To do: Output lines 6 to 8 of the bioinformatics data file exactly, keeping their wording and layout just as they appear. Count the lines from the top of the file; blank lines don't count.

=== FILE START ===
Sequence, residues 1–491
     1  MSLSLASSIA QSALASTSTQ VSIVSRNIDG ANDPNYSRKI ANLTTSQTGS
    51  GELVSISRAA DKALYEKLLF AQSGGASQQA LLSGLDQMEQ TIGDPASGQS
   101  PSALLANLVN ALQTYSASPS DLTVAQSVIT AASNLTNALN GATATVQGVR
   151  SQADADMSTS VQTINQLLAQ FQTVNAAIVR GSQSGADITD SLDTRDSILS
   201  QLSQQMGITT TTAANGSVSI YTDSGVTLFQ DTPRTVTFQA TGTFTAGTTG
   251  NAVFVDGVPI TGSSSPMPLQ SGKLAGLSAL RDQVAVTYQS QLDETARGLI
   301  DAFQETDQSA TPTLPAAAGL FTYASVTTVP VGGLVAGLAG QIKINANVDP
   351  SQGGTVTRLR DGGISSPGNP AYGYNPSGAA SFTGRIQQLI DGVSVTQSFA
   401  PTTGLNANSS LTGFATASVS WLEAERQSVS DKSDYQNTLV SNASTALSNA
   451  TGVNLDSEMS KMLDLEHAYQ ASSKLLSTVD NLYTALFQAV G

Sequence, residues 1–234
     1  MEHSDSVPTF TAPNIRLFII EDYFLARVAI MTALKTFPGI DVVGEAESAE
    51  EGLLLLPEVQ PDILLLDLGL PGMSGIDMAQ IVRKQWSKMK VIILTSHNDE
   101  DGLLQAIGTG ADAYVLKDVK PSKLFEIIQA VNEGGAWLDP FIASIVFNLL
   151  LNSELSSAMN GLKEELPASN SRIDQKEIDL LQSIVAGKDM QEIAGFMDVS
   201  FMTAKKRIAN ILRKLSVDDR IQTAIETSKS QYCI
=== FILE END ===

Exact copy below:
   201  QLSQQMGITT TTAANGSVSI YTDSGVTLFQ DTPRTVTFQA TGTFTAGTTG
   251  NAVFVDGVPI TGSSSPMPLQ SGKLAGLSAL RDQVAVTYQS QLDETARGLI
   301  DAFQETDQSA TPTLPAAAGL FTYASVTTVP VGGLVAGLAG QIKINANVDP